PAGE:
Other factors are likely at play in West Virginia and other states. Online poker won’t be a massive moneymaker in terms of tax revenue, and operators have prioritized sports betting launches — fully aware that sports betting is the best tool for opening states to legal online casino gaming. Online casino gaming is the real moneymaker for both state governments and operators.
West Virginia Wants to Join MSIGA
Still, the WVLC has made it plain and clear that it wants to join MSIGA.
In July 2021, the regulator told pokerfuse it was “investigating the possibility of joining” a multi-state compact like MSIGA. This week, a WVLC official told Poker Industry PRO in an exclusive that it was “definitely interested” in joining MSIGA and would take steps to do so if one of its in-state operators made such a request.
“If one of our operators came to us and said they wanted to offer multi-state poker, I’m sure we [would consider it],” said Deputy Director for Security, David Bradley. “We’re monitoring the situation.”
- $50 in free play with first deposit
- Top-quality software
- Compete for WSOP bracelets & rings
Potential Online Poker Operators in WV
|Operator||Likely to Launch Poker?||Land-Based Casino Partner|
(1) = While PokerStars is not a licensed operator in WV, FanDuel does have a license. Flutter owns both brands. PokerStars, or another Flutter brand, could potentially become a licensed operator and launch online poker.
Figuring out which of West Virginia’s nine operators would ask the state to join MSIGA is a curious exercise, but two stand out — BetMGM and Caesars.
BetMGM is one of three operators (the others are FanDuel and Golden Nugget) on the license of the private Greenbrier Resort. The operator could be waiting until Michigan becomes a participating member of MSIGA and authorizes its operators to offer multi-state poker. At that point, BetMGM could connect its player pools in Michigan and New Jersey with West Virginia once it joins the compact.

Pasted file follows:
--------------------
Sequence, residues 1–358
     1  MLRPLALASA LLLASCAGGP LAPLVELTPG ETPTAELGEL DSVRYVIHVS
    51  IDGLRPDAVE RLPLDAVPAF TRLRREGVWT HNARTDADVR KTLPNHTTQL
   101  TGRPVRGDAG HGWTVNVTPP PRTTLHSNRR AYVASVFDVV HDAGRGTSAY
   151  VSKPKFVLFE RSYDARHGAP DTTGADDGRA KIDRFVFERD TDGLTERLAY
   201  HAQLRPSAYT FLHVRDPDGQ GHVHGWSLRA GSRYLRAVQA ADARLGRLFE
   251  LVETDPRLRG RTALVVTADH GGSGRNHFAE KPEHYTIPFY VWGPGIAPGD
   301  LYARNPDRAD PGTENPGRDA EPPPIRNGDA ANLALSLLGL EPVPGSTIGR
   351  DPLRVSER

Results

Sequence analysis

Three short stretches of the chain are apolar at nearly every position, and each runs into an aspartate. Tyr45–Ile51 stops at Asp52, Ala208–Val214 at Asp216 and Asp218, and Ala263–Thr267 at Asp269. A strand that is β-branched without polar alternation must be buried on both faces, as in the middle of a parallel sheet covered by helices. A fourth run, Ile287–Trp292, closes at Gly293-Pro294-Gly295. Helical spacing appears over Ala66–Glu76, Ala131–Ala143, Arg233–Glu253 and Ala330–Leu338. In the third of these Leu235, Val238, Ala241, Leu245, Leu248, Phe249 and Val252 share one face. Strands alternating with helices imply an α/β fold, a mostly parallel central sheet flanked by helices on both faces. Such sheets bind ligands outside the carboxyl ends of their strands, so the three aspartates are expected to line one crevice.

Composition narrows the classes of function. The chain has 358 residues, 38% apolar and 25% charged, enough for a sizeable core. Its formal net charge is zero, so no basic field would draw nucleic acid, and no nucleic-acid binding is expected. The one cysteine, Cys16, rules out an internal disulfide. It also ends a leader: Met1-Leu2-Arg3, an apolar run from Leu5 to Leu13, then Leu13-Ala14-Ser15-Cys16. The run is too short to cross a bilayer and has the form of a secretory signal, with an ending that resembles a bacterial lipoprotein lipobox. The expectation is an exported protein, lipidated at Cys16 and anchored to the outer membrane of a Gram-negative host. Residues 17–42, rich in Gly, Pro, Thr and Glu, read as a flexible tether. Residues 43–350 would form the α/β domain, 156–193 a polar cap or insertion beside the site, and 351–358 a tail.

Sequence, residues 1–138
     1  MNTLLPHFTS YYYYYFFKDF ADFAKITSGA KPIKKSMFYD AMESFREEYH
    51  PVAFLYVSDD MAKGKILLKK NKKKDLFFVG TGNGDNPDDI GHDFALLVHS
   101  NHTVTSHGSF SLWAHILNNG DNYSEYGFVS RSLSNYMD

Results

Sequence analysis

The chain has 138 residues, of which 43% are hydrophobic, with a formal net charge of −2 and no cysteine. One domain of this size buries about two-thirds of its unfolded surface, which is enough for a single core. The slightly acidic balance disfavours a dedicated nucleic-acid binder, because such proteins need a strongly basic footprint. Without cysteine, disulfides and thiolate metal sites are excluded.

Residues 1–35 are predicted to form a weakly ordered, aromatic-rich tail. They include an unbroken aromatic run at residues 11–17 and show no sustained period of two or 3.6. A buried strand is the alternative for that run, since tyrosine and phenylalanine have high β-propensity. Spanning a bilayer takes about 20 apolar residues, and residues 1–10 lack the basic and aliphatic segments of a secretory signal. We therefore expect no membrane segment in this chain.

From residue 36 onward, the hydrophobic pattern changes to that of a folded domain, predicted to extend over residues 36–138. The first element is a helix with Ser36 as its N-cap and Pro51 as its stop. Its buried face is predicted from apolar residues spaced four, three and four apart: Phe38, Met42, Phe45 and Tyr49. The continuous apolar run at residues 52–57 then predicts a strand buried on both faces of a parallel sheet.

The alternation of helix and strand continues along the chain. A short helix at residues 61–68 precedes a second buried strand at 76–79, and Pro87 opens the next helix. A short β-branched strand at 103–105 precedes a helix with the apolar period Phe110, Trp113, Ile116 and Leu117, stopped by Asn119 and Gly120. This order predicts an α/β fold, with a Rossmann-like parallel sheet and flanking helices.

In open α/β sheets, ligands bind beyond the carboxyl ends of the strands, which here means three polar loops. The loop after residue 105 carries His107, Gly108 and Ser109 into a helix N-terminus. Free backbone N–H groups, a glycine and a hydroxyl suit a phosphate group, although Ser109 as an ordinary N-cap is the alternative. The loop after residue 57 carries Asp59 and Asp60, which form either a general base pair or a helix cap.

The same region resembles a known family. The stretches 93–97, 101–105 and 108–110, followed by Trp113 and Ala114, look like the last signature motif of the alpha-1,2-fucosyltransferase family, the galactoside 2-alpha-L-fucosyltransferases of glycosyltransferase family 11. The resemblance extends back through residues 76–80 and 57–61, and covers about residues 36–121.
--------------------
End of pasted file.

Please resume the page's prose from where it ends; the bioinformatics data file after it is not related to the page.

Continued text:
Meanwhile, through WSOP, Caesars could presumably move to do the same with its player pools in Delaware, Michigan, Nevada, and New Jersey. WSOP NV is the only online poker operator in Nevada. The WSOP/888 US Network has a monopoly on online poker in Delaware through three racinos in the state running poker skins powered by 888.
Caesars is one of two operators on the Mountaineer Casino license. BetRivers could also press West Virginia to join MSIGA once it brings a long-rumored poker platform to market.
PokerStars is another possibility. Although PokerStars is not a licensed operator in the state, another Flutter brand, FanDuel, is. It’s unclear if PokerStars could share FanDuel’s access through Greenbrier in a separate vertical or if it would need to launch under another land-based property.
The three main gaming facilities in the state are Greenbrier, Mountaineer, and the Hollywood Casino at Charles Town Races. Hollywood is partnered with Barstool, DraftKings, and PointsBet, none of which offer online poker.
A ninth operator, Betly, runs online sportsbooks at the Mardi Gras and Wheeling Island casinos in West Virginia.